Pat McAfee
Pat McAfee on his show, The Pat McAfee Show
McAfee in December 2021
No. 1
Kickoff specialist
Personal information
Born: (1987-05-02) May 2, 1987 (age 35)
Plum, Pennsylvania, U.S.
Height:6 ft 1 in (1.85 m)
Weight:233 lb (106 kg)
Career information
High school:Plum (PA)
College:West Virginia
NFL Draft:2009 / Round: 7 / Pick: 222
Career history
Career highlights and awards
NFL record
  • Highest career net average punting yards: 41.1[1]
Career NFL statistics
Punting yards:26,669
Punting average:46.4
Longest punt:74
Inside 20:193
Player stats at · PFR

Patrick Justin McAfee (/ˈmækəf/ MA-kə-fee; born May 2, 1987) is an American sports analyst, stand-up comedian, professional wrestling color commentator, professional wrestler and former football punter and kickoff specialist. McAfee is an analyst on ESPN's College GameDay, a television program covering college football. He is currently signed to WWE, where he performs and serves as a color commentator for the SmackDown brand, but has taken a hiatus to focus on his work at ESPN. He will return to WWE when College GameDay coverage has ended.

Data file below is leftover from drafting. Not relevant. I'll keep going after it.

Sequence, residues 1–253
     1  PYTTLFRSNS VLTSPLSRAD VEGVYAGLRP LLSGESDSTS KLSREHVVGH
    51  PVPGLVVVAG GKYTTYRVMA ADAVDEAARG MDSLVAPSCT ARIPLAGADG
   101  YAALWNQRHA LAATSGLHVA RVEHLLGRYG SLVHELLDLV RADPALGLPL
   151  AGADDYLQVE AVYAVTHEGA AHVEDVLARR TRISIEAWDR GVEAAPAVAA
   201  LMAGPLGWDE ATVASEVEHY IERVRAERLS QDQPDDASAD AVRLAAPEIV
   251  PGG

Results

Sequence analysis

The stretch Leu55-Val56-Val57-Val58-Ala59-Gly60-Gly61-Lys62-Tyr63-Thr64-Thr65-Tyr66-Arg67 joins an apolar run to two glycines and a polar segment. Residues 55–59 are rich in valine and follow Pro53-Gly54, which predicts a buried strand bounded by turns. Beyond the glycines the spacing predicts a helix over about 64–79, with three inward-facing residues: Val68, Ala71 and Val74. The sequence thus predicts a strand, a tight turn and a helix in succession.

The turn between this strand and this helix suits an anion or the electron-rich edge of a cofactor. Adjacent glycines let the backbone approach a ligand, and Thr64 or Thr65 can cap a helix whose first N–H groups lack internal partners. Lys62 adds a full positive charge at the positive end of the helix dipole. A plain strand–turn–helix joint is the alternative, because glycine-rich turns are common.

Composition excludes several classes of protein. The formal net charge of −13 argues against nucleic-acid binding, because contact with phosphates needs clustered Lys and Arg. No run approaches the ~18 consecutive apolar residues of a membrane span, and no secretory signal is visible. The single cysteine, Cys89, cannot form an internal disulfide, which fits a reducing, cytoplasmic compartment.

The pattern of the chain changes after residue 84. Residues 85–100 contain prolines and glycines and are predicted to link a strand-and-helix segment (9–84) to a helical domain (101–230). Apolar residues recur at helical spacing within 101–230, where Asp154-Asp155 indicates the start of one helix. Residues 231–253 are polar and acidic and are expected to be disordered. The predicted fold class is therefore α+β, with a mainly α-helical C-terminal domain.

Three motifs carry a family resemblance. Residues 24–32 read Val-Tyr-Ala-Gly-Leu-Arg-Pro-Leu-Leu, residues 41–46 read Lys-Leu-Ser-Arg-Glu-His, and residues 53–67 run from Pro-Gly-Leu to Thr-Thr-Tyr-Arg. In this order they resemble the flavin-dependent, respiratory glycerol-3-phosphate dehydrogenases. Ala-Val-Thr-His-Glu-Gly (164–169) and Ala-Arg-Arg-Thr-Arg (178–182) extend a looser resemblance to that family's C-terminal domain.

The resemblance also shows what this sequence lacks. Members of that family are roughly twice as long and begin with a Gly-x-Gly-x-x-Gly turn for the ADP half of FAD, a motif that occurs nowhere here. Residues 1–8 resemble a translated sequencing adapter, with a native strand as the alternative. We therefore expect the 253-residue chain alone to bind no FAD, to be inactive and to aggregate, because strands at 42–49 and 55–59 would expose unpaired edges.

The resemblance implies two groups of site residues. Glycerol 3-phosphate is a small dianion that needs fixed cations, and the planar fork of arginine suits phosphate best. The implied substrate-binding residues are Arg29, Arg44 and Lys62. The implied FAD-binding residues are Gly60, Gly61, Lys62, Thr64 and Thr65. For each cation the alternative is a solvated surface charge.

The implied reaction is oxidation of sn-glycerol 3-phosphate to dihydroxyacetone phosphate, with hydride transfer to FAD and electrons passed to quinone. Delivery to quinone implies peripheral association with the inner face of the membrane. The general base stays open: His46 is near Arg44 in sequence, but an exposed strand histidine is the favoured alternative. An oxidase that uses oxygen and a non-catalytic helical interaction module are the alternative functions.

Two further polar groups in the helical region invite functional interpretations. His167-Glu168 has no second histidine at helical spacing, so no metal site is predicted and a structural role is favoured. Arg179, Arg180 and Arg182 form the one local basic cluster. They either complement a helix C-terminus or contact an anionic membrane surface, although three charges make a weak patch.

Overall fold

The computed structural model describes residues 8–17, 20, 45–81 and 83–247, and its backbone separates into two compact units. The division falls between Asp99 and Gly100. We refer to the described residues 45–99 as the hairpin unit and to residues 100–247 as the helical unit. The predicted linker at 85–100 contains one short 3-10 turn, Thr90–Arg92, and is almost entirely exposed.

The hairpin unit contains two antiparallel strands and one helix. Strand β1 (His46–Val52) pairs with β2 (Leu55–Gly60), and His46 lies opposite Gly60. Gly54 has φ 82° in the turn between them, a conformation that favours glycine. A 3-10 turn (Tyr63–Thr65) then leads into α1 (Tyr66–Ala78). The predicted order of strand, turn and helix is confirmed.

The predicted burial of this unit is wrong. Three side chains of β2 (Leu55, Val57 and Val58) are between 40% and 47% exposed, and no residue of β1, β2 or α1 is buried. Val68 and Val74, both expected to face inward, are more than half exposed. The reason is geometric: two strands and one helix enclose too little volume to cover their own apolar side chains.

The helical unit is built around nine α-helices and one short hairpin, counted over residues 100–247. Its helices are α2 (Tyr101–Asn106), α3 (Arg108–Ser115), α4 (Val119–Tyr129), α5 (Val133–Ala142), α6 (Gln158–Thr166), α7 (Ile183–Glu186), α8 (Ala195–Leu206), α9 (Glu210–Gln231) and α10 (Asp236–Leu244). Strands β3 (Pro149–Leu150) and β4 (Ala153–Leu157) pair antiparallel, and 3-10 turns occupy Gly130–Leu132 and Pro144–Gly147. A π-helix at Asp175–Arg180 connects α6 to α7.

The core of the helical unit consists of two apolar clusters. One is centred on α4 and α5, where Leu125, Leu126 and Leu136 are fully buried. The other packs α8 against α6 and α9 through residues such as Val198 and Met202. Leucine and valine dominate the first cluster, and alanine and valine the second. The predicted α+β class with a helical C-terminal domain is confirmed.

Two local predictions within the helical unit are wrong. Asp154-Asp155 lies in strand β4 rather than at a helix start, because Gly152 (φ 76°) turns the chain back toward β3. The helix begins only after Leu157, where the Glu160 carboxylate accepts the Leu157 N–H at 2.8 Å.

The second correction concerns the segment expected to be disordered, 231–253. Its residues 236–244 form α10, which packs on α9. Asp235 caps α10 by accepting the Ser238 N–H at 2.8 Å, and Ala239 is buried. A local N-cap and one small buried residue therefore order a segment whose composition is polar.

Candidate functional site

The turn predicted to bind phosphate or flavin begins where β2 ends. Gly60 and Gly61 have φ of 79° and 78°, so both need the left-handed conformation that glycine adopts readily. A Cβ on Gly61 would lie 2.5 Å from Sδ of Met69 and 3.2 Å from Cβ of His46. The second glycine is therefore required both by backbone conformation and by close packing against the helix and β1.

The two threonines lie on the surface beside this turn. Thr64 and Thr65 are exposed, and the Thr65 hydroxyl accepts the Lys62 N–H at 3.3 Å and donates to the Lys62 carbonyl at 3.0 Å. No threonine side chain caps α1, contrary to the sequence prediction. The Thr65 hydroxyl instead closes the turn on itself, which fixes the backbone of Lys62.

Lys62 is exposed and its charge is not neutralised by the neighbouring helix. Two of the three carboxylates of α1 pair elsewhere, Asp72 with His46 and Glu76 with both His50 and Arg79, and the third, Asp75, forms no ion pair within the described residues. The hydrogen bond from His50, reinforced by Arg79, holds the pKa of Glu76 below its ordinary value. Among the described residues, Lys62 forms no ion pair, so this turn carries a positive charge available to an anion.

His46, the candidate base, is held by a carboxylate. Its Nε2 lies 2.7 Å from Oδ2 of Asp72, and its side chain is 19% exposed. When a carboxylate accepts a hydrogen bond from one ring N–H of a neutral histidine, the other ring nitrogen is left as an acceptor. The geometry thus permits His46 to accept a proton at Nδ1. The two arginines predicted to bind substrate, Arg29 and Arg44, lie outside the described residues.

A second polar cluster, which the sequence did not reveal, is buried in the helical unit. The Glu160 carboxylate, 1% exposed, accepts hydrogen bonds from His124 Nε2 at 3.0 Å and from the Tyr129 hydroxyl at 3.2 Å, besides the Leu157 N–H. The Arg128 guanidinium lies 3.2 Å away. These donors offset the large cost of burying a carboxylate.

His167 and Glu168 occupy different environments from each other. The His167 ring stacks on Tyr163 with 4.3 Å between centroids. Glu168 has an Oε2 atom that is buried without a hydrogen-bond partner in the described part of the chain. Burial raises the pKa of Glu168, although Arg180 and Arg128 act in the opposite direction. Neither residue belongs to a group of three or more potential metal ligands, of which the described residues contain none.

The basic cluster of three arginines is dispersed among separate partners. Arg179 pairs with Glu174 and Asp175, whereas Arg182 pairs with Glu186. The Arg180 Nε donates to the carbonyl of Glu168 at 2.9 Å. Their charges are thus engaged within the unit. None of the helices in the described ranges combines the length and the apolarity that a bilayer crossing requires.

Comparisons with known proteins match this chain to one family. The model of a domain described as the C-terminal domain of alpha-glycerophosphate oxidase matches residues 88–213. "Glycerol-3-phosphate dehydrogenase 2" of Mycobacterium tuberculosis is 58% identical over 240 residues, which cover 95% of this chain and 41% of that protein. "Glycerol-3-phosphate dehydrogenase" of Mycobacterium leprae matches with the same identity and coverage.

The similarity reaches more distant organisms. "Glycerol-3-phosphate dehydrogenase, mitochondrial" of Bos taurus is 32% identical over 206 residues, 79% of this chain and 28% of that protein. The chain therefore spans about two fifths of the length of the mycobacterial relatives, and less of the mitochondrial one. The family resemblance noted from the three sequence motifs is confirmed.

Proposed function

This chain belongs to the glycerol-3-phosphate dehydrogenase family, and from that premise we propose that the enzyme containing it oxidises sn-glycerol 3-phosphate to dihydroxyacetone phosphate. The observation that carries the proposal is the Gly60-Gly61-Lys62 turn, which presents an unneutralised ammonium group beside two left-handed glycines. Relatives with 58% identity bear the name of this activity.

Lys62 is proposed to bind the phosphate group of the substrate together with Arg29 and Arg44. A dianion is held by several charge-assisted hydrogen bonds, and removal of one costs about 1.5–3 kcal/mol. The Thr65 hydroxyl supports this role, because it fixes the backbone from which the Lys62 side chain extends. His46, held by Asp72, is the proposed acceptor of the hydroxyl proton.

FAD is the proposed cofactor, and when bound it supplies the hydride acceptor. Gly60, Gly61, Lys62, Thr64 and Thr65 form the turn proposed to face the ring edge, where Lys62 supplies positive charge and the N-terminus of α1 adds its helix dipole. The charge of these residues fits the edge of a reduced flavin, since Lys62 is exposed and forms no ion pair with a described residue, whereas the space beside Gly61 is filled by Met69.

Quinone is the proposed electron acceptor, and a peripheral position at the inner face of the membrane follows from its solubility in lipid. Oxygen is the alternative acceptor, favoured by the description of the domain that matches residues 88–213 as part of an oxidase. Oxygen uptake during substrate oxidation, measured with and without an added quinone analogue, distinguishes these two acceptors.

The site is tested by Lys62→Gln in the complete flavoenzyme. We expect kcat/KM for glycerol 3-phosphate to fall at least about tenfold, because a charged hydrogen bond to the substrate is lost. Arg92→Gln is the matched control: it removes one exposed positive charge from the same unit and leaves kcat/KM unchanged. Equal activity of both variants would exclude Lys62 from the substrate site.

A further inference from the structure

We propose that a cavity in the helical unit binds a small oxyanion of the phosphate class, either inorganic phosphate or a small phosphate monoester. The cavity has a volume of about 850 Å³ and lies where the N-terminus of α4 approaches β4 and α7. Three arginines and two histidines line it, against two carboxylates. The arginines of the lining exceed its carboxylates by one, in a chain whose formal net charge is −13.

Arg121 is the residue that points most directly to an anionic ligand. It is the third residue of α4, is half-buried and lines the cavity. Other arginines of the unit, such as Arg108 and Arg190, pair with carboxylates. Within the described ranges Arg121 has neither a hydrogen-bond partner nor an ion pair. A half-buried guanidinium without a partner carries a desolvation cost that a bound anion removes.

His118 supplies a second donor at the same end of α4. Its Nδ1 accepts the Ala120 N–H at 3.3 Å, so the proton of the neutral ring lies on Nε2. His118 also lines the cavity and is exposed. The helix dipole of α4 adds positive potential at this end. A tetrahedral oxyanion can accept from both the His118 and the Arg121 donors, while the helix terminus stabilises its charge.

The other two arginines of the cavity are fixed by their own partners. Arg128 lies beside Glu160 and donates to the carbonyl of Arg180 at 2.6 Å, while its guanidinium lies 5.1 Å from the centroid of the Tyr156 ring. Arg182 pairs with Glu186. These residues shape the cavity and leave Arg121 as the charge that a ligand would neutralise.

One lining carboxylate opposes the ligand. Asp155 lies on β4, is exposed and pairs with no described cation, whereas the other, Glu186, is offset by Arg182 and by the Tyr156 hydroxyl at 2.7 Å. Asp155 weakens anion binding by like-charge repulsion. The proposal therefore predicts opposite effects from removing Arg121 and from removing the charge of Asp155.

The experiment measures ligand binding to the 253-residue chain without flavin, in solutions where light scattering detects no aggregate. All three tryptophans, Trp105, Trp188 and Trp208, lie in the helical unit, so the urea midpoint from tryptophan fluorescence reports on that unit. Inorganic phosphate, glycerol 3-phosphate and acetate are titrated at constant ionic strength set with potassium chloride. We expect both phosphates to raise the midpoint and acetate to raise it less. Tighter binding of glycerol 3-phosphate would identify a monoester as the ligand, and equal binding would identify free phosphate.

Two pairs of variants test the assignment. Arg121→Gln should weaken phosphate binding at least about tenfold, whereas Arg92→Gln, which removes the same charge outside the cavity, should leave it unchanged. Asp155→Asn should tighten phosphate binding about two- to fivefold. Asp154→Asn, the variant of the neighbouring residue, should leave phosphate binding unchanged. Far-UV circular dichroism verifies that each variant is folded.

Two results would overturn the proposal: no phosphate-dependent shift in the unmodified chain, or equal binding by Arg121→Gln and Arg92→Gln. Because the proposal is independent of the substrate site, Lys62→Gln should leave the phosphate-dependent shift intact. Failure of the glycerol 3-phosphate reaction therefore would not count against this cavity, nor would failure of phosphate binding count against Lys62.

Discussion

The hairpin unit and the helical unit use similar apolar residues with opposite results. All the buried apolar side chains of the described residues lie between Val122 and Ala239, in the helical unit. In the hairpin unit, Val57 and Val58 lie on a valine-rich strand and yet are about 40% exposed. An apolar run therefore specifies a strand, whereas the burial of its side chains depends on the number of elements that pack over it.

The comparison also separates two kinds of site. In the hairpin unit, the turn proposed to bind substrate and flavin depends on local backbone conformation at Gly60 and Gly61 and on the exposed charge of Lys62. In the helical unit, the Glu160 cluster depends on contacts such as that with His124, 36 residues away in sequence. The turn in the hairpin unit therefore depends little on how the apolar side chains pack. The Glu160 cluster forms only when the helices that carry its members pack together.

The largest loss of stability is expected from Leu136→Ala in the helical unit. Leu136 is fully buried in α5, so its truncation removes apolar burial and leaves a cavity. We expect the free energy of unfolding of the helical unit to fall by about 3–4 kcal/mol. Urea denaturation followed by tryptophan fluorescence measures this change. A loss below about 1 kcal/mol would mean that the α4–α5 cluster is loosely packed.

He was a placekicker at West Virginia and drafted by the Indianapolis Colts in the seventh round of the 2009 NFL Draft and played in the Super Bowl his rookie year in a loss to the New Orleans Saints. Over his eight-year career in the National Football League (NFL), McAfee made two Pro Bowls and was an All-Pro in 2014.

Since his retirement from football in February 2017, McAfee has been a football analyst. He was a guest host for Fox Sports' college and NFL broadcasts in late 2018, before being announced as part of ESPN's Thursday Night College Football team in July 2019. In addition, he makes regular appearances for Get Up!. He currently presents The Pat McAfee Show on YouTube, as well as a College Gameday Analyst.